The major featured item in the UHEC's 2018 exhibition "Cultural Identity to Statehood: Ukraine 1917-1921" was a greeting addressed to the UNR Directorate hand-lettered by Heorhii Narbut and signed by the workers of the Ministry of Art and Education. Among the many pages of signatures are those of important and famous scholars and leaders, one of the most intriguing is that of Sofia Rusova. Although her work as an early childhood educator and activist for Ukrainian and women's rights is slowly becoming more well-known, she is still not a household name even among Ukrainians and Ukrainian Americans.
Sofia Lindfors was born in the small village of Oleshnia in Chernihiv gubernia to a Swedish father and French mother. Sofia’s mother died of tuberculosis, and the remaining family moved to Kyiv when Sofia was ten years old. Five years later, her father died.
In 1871, Sofia and her sister Maria established the first kindergarten in Kyiv. At the same time, Sofia became active in the “Old Hromada” circle of Ukrainian intellectuals, and through them she met the statistician, ethnographer, and Ukrainian activist Oleksandr Rusov, whom she married in 1874.
The recently-married Rusovs were delegated the dangerous task of overseeing the publication of the first uncensored edition of Taras Shevchenko’s “Kobzar”. They traveled to Prague to prepare the text and supervise the printing, and, with the help of Ukrainian activists in Austro-Hungarian Galicia, successfully smuggled it across the border.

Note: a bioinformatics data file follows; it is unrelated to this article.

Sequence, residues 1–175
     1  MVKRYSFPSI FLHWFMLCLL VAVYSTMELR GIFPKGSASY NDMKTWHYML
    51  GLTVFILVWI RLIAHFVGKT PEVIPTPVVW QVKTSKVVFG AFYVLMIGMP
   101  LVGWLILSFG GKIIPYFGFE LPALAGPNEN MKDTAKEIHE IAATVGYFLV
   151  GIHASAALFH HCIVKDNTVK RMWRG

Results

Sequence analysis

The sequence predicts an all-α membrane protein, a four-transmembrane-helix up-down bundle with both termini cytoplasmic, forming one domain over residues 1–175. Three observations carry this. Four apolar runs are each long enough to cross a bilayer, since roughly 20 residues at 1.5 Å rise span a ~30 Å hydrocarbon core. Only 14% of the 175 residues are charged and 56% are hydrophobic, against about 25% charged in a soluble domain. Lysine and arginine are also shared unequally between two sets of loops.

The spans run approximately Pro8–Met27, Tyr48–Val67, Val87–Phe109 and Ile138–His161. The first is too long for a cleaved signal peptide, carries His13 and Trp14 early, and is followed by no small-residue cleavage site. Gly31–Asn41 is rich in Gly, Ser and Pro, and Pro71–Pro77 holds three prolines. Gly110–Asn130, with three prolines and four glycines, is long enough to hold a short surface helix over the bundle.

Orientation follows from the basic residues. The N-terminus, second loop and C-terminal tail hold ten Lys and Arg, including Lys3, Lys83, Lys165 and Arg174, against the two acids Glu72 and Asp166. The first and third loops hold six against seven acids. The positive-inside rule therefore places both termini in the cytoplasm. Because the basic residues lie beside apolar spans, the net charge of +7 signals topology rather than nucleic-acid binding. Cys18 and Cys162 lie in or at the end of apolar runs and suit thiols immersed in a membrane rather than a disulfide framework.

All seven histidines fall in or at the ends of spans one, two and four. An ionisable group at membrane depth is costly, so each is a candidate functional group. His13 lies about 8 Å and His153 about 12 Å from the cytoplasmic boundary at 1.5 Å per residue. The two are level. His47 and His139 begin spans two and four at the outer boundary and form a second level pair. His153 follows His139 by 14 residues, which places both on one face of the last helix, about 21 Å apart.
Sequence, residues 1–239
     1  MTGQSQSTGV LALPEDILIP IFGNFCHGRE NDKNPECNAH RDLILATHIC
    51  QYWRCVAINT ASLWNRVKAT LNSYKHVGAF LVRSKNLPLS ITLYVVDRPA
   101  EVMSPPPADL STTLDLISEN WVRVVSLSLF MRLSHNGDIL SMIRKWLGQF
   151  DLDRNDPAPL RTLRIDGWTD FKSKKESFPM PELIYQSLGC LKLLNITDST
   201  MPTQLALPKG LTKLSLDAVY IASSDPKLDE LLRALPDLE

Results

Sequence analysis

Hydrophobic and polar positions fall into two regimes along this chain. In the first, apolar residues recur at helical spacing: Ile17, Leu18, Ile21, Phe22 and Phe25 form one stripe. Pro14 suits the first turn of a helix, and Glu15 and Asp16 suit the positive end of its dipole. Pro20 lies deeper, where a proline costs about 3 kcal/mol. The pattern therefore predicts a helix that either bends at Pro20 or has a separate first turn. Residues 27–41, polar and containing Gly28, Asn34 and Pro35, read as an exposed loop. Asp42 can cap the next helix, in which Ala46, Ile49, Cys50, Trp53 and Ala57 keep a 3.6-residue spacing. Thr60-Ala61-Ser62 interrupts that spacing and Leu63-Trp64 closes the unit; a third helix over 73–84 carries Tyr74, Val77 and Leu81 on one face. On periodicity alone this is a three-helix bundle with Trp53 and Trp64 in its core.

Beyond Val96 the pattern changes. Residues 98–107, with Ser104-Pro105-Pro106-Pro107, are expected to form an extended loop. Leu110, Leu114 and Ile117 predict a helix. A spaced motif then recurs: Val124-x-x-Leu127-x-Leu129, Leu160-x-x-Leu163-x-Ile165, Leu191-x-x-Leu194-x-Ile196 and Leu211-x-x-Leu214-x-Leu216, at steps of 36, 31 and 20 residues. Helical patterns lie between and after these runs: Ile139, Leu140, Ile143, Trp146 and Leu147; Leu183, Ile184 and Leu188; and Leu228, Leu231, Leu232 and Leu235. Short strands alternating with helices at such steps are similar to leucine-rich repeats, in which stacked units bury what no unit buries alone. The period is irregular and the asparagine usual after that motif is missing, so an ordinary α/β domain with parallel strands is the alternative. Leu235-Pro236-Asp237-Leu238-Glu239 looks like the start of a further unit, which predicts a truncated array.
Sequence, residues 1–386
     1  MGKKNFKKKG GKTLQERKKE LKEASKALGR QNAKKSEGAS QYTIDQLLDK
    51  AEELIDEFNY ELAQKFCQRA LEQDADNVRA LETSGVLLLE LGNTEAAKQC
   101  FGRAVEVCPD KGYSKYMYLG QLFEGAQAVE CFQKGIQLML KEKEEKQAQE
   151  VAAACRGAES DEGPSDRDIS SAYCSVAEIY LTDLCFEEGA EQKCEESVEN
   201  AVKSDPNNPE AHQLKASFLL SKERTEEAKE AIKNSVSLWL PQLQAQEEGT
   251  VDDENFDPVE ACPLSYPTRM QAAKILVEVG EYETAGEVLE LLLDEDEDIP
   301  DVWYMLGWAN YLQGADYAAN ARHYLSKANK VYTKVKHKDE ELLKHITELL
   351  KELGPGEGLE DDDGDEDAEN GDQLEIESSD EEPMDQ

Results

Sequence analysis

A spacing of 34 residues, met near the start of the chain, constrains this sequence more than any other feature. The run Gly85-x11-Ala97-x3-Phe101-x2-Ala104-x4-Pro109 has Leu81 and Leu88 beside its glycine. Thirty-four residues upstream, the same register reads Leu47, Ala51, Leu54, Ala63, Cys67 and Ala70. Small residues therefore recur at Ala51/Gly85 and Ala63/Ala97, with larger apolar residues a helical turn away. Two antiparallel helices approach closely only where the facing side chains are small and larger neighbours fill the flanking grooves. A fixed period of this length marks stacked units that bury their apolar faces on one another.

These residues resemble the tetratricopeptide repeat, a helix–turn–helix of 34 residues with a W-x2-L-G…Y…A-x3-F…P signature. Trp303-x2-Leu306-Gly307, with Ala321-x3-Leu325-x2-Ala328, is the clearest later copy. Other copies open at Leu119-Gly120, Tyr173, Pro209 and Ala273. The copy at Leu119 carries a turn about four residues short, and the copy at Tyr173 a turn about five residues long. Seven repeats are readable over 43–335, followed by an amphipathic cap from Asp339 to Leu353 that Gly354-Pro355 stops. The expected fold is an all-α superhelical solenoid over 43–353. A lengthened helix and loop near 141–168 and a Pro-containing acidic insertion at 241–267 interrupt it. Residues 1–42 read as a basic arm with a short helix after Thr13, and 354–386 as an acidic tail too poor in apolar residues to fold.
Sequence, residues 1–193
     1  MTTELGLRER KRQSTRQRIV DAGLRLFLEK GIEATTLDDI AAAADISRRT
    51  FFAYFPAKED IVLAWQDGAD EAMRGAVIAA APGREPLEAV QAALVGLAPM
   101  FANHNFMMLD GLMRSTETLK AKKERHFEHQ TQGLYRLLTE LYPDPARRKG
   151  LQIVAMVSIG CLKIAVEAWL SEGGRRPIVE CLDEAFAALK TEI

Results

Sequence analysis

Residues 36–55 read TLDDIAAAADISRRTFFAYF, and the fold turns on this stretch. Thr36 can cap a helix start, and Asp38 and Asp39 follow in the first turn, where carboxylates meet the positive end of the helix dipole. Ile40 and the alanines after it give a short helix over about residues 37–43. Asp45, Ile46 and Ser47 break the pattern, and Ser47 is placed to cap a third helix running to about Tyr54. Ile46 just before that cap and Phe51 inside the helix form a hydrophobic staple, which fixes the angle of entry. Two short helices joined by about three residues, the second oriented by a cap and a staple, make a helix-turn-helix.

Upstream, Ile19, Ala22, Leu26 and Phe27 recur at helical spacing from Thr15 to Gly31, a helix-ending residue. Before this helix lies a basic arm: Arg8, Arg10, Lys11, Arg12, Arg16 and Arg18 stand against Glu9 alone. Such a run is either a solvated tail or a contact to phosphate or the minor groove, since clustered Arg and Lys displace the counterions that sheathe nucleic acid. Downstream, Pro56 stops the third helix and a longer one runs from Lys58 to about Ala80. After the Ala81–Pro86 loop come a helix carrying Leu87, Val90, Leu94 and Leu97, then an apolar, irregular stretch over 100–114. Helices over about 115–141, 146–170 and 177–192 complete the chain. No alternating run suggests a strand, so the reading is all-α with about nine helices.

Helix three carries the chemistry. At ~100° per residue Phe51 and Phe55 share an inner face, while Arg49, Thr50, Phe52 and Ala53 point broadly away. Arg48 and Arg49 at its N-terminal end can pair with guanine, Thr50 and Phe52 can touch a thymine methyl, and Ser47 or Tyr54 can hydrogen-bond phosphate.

Rusova continued her activism in the following years, including staging public readings of Ukrainian literary works and organizing underground Ukrainian schools. This resulted in her being arrested and imprisoned on several occasions for “revolutionary activities”.
In the 1917-1919 period, she led the Department of Preschool Education within the Ministry of Education of the Ukrainian People's Republic, and also wrote the books “Preschool Education” (1918) and “In the Kindergarten” (1919). In them, she presented her distinctive approach to early childhood education, one that was based on western European ideas (such as those of her contemporary Maria Montessori) but adapted to the needs of early 20th century Ukraine.
After the retreat of the Ukrainian People’s Republic into exile, Rusova emigrated to Prague, where she was professor at the Drahomanov Pedagogical Institute and president of the Ukrainian National Women’s Council. She spoke in support of Ukraine at conventions of the International Council of Women, the International Woman Suffrage Alliance, and the Women's International League for Peace and Freedom.